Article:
Disgraced GOP fundraiser Elliott Broidy filed a new lawsuit against his alleged Qatari-backed tormentors in D.C. federal court today, one month after a Manhattan federal judge dismissed a similar complaint.
Broidy is suing GOP operative Nicolas Muzin, businessman Joey Allaham, and Mercury Public Affairs media strategist Gregory Howard, alleging that the trio – along with lobbying firm Stonington Strategies – took millions of dollars from the Qatari government to extort and defame him after hacking his emails.
The suit also claims that Qatar’s alleged conspiracy was aimed at putting Broidy in special counsel Robert “Mueller’s crosshairs.”
The now-dismissed lawsuit that Broidy filed in Manhattan federal court made similar accusations, but named U.N. diplomat Jamal Benomar as a mastermind of the alleged scheme. Broidy is appealing that dismissal.
The new lawsuit accuses Qatar of hacking Broidy’s emails, and then financing a media campaign to spread the messages and “silence Broidy,” after he began to lobby against the gulf state in “early 2017.”
“Since that time, as a private citizen, Mr. Broidy has regularly conveyed his criticism of Qatar in meetings with United States officials and civic leaders, and on the issue of Qatari terrorism, he directly conferred with the President of the United States,” the lawsuit reads.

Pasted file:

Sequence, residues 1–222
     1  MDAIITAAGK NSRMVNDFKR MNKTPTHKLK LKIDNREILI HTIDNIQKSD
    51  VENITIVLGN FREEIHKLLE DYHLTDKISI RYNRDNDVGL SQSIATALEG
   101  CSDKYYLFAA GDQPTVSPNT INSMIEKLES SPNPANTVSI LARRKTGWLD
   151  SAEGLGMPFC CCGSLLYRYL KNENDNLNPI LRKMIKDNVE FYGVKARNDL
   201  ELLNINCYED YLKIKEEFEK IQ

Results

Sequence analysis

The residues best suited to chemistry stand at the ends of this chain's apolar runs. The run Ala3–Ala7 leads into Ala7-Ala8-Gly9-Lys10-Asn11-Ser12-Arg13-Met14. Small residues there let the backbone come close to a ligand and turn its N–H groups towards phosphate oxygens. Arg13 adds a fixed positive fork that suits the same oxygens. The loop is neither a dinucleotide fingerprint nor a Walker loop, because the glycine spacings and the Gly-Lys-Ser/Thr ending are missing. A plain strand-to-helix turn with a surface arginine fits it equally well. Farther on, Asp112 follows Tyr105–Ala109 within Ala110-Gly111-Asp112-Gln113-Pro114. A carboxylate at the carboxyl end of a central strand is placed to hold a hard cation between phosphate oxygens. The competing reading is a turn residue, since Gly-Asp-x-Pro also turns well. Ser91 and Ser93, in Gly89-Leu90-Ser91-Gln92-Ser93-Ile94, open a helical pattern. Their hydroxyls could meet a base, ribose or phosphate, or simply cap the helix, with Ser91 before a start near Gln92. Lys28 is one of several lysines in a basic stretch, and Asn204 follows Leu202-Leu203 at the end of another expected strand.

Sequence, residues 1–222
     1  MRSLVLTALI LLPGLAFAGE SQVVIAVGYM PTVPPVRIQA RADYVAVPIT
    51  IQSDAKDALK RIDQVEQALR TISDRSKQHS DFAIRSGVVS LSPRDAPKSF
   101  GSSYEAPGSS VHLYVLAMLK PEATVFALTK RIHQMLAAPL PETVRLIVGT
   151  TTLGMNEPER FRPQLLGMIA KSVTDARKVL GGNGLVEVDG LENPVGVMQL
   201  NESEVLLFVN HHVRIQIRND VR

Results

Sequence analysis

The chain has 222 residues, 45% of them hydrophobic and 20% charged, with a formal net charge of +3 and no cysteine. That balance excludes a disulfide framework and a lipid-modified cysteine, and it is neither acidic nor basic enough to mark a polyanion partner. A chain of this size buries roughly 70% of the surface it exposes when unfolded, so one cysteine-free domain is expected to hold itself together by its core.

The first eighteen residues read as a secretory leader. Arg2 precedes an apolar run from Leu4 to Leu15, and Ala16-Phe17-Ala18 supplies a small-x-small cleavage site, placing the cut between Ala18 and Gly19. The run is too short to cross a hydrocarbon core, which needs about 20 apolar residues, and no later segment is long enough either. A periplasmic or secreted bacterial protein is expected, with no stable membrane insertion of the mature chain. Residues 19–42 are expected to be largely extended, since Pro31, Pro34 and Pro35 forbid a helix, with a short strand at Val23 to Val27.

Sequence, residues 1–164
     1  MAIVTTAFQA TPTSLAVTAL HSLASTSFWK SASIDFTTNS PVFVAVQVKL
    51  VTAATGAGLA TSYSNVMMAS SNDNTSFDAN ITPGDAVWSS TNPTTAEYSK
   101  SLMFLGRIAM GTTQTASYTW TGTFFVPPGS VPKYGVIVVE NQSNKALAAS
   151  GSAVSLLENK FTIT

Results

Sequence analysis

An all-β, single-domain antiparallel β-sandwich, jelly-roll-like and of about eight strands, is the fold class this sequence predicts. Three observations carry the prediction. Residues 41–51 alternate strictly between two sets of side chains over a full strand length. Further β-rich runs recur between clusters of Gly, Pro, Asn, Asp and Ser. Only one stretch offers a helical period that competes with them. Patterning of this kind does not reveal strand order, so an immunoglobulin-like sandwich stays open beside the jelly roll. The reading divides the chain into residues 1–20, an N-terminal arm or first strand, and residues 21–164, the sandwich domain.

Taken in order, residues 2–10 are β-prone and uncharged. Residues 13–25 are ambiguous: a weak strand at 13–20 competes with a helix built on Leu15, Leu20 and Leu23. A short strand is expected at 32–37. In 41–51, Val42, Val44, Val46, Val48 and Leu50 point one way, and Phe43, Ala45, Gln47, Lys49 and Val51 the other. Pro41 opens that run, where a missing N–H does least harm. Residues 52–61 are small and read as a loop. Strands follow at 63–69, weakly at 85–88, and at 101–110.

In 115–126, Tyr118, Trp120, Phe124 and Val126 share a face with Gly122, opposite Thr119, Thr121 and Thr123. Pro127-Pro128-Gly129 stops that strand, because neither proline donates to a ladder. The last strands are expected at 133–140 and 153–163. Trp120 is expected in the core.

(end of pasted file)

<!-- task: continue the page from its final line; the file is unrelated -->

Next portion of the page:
Broidy, a longtime Los Angeles-based GOP donor, switched from supporting Ted Cruz during the 2016 Republican primary to becoming a fundraiser for Trump. He served as a finance vice-chair of the Trump inaugural, and kept a relatively low profile until March 2018, when a bevy of stories were published detailing how Broidy was allegedly selling access to the White House.
A series of hacks that Broidy accuses Qatar of perpetrating exposed the financier’s alleged self-dealing.
The lawsuit alleges that Qatar employed Gregory Howard – a public affairs specialist who worked for Conover & Gould, and then Mercury – to spread the contents of the emails to dozens of news outlets and journalists.
Relying on material from Howard’s phone records, the suit goes on to detail dozens of purported conversations between the Mercury employee and journalists digging into Broidy – mostly in March 2018, when the first wave of stories suggesting that Broidy was selling access to the White House hit.
“Three days after the first successful spear phishing intrusion, Howard engaged in a flurry of calls with outside public relations professionals,” the lawsuit reads. The suit later adds that “several of the phone lines he contacted are registered to registered Qatari agents Katherine Lewis and Jennifer Kaufmann, as well as Molly Toomey, whose bio on the Mercury website states that she ‘[l]ed international PR’ for a ‘$1 billion’ project financed by Qatar Investment Authority.”
Read the complaint below:
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